Given the rate of expansion, the whole universe could eventually become a Polo’s, right?

But, maddeningly, Polo’s is also contracting. There was a satellite restaurant in Seminole, Oklahoma at the historic train station until a couple years ago. But that restaurant closed. Then there was a Polo’s in Ardmore. That one also closed. But the old train station in Seminole is still a Mexican restaurant, just not a Polo’s. How to calculate something like that? And where is the missing body of the guy who allegedly thwarted the ambition of young Polo Vazquez? What would his skull say, if it could speak?

It seems like only the day-to-day management of Polo Vazquez himself can deliver the kind of delicious, highly affordable product which has Polo’s in Ada packed night after night. Polo’s works in Ada. It doesn’t seem to work anywhere else. But the whole extended Vazquez family appears to work at Polo’s. Won’t they be wanting their own restaurants one day? Can the formula ever be replicated and produce a successful Polo’s outside of Ada?

Buying a meal at Polo’s is like buying two meals, one to be warmed up later from the doggy box, because the portions are so generous. One night I went there and had bottomless chips with two kinds of salsa (the bowls are color coded to hotness) as well as a Diet Coke for $2.17, tax included.

"Is that all?" I asked, almost begging to be charged for the chips.

That was all. Two dollars, seventeen cents for bottomless cola, bottomless chips, and unlimited salsa. If I dine with a group of friends who don’t worry about what’s left of the flaming fajitas in the center serving dishes, I can eat free for two more days. One entree comes with two fried eggs on the top. If I play my cards right, that’s breakfast, too.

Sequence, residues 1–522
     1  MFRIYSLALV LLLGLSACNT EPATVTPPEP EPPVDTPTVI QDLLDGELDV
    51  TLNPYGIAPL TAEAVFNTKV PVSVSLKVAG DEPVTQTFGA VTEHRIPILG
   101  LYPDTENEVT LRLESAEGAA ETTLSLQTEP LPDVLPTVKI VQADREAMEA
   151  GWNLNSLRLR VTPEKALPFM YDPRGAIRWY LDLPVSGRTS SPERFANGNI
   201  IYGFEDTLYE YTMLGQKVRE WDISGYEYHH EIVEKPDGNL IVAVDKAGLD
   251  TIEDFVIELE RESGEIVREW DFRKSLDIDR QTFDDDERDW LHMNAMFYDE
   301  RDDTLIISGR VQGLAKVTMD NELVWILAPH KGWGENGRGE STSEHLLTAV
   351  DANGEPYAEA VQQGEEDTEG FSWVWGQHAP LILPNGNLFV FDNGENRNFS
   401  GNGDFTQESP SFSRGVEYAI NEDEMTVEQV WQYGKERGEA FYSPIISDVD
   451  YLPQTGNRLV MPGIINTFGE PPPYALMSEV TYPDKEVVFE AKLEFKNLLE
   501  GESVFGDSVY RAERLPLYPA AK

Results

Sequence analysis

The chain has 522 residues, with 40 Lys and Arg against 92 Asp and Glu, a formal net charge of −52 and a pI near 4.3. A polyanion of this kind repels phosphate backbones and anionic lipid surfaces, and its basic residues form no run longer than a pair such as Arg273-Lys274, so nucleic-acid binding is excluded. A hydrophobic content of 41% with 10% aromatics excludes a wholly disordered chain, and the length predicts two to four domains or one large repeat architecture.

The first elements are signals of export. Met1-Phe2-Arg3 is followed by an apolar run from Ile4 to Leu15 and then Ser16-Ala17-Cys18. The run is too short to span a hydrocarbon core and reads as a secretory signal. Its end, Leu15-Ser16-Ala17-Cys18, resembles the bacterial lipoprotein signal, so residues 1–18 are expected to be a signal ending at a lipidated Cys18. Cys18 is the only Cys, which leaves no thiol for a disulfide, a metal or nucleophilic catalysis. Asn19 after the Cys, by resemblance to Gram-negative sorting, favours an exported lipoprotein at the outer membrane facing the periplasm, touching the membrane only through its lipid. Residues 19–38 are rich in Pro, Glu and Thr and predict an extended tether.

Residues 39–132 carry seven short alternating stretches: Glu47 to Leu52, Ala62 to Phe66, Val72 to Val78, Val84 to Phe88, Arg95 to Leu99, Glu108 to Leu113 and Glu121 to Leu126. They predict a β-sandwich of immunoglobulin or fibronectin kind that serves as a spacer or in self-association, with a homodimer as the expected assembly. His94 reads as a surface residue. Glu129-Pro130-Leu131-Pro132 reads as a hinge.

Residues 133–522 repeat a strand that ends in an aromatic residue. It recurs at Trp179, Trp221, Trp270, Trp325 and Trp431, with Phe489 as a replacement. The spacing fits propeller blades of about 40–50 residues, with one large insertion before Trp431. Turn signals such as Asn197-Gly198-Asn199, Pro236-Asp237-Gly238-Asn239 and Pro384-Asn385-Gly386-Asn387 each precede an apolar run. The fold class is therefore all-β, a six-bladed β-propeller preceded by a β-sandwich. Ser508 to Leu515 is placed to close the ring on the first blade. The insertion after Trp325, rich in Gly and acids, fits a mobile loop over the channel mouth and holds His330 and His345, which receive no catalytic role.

Given a choice of anything on the menu BESIDES the signature sizzling fajitas, you can’t go wrong with Tres Hombres; a chile relleno, taco and your choice of rice or refried beans for $12.49. But there are dishes with just as much food on the plate that come in around nine bucks. In the meantime, one gobbles down so many chips that when the meal arrives you’re already thinking "I need a doggy box." I call it Mexican Restaurant Chip Syndrome. I don’t know if anybody else calls it that, but it’s not unique to Polo’s.

Lots of families with children frequent Polo's due to its affordable cuisine (with unlimited free chips!) but the place is so large I’ve never seen anybody forced to sit near a fussy child who wasn’t duty-bound by DNA or some kind of relationship commitment.

Now it’s time to be critical. I can’t write a restaurant review and not say something critical, so here’s the best I can do.

Polo’s doesn’t have menudo, a dish Mexican food purist such as myself consider the difference between authentic Mexican versus an American interpretation of Mexican cuisine. But who knows if Ada is ready for a spicy soup of hominy and tripe which is reputed to be an effective hangover cure? (The most traditional Mexican restaurants only serve the dish on weekends for this reason)

Yet menudo, once daringly sampled, can become an addiction. I would ask Polo’s, nay, I would beg them:

Could you serve menudo just ONCE A YEAR?

But even without menudo on the menu, If you’re passing through Ada, you can’t go wrong with Polo’s.

Just don’t expect any answers about what happened to Polo Vazquez’s unfortunate former boss.

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Johnny Forada
Johnny Forada is the moniker of a writer whose true identity will be revealed in good time,...